posted by Eyebrows McGee at 9:18 AM on April 30, 2011 [10 favorites]

I think that point 1 is one of those variables that's different for different couples. Part of your growth together will be determining the happy medium between alone time and "us" time.

I've been married to my wife for nearly 15 years, and a couple for nearly 21. If there is any advice I can pass on to anyone, it's that communication is the single most important thing for maintaining a healthy relationship.

Talk to him about it. Let him know what your fears are and what your thoughts are. Let him know that you need some alone time, and that you aren't avoiding him, you're just having your "me" time. If he is as level-headed as you say, I'm sure he'll be fine with it.

It really is ok to spend some time apart. Sometimes I build a Lego robot in my "nerdcave" while my wife goes to a nursery to buy flowers. We're doing different things in different places for a while, and later on we spend some time together watching a movie. There's no strict rules for how long we do either thing. It's fluid.

And I agree with Eyebrows about couples therapy.
posted by Fleebnork at 9:20 AM on April 30, 2011 [1 favorite]

I can't really speak to question #1- the first year of our relationship was long distance. But I can tell you that it was sometime in the second year that I finally had the realization that my now-husband wasn't going to leave just because we had a fight. Honestly, a pivotal moment for me was the night I was sobbing in the kitchen because I was convinced our weekend-long fight was the end, and he walked in and laughed at me and took me into his arms. It wasn't a mean or vicious laugh, it was a 'aren't we silly' laugh, and it made me really start to look at how illogical my reactions are.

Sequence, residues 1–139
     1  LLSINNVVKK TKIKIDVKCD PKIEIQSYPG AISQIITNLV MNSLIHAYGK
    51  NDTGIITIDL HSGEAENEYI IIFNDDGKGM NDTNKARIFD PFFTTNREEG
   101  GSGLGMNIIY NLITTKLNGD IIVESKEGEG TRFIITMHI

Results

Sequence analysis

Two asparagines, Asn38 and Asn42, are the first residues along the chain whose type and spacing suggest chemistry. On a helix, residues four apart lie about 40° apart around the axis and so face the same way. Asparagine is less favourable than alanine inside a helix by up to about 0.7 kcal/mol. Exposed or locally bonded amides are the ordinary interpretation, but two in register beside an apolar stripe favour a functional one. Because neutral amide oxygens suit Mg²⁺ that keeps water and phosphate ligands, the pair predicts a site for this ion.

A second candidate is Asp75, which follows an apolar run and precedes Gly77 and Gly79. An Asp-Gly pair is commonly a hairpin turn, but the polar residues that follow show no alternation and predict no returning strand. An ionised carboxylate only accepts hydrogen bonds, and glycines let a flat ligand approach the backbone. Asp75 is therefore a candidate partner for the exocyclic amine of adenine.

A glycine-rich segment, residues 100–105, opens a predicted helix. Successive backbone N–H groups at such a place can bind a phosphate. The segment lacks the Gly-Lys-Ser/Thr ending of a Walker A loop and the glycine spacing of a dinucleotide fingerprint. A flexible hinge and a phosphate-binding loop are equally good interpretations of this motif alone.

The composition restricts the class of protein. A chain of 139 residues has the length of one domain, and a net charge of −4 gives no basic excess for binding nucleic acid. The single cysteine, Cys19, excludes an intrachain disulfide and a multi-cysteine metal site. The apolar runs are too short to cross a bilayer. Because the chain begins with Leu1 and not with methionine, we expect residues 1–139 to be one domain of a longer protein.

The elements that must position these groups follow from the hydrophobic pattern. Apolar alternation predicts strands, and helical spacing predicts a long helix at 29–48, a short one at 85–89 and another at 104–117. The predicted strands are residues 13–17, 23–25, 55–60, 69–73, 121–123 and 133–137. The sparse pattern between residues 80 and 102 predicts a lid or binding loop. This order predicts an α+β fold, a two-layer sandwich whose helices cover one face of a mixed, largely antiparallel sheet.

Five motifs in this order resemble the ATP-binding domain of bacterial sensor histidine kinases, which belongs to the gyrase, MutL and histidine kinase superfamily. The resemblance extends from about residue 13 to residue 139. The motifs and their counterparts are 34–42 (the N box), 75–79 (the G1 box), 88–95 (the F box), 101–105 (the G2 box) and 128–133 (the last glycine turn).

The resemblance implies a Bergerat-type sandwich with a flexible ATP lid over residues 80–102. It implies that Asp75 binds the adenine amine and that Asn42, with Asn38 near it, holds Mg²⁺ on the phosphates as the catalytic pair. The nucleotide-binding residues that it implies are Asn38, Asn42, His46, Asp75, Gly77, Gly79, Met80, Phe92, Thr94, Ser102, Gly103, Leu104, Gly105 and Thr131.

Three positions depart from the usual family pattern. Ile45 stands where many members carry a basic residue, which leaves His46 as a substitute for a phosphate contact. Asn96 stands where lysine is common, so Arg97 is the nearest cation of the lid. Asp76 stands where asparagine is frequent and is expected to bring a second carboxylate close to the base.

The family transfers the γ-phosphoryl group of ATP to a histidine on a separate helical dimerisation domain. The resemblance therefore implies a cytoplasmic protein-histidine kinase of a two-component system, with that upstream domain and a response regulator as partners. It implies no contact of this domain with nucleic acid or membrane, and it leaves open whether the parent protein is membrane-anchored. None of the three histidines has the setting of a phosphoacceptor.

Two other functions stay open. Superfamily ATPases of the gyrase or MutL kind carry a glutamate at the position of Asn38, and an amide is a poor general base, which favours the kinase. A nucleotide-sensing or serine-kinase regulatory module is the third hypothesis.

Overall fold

Frankly I still get freaked about it sometimes, convinced whatever it is we're struggling with must be the end. But after riding that emotional wave a few too many times, I've learned to recognize the irrationality of it earlier in the process, and find that instead of working myself deeper into the hole, I simply go to my husband and crawl into his arms and that together feeling calms me down. I also 'fessed up to my husband that this is a challenge for me, so unless he's really upset himself, he knows what it means when I do this.

My parents also had a horrible marriage, and while they stayed together they had both checked out of the marriage (except for the fighting) by the time I was 14
posted by scrute at 9:23 AM on April 30, 2011 [2 favorites]

I would prescribe some tincture of time. Being patient with yourself and not requiring perfection every minute will let you gradually let go of the things that worry you. If you are like I was, you want to control yourself every minute and the result is you spend time keeping yourself aware of your concerns. That control is like a shell. Lessening my dependence on that shell worked. Perhaps you have it for the same reason I had it - growing up, things were so crazy that I had to be able to control something. It helps that your partner is aware of your concern and on board with staying to talk instead of stonewalling when there is conflict.

Year 1 of my current 15-year relationship (well after my shell was full of big holes) went from zero to sixty in almost no time at all. We were living together in a month and bought our first house that year. She is a very big fan of forward communication when there is an issue and for a long time we had a dedicated "Issues and Answers" time for raising anything at all. As we got better at being together, we both learned our relationship is made of teak - warm, solid and reliable. Nobody was playing games and when things got stressful it was not time to have drama, just a talk.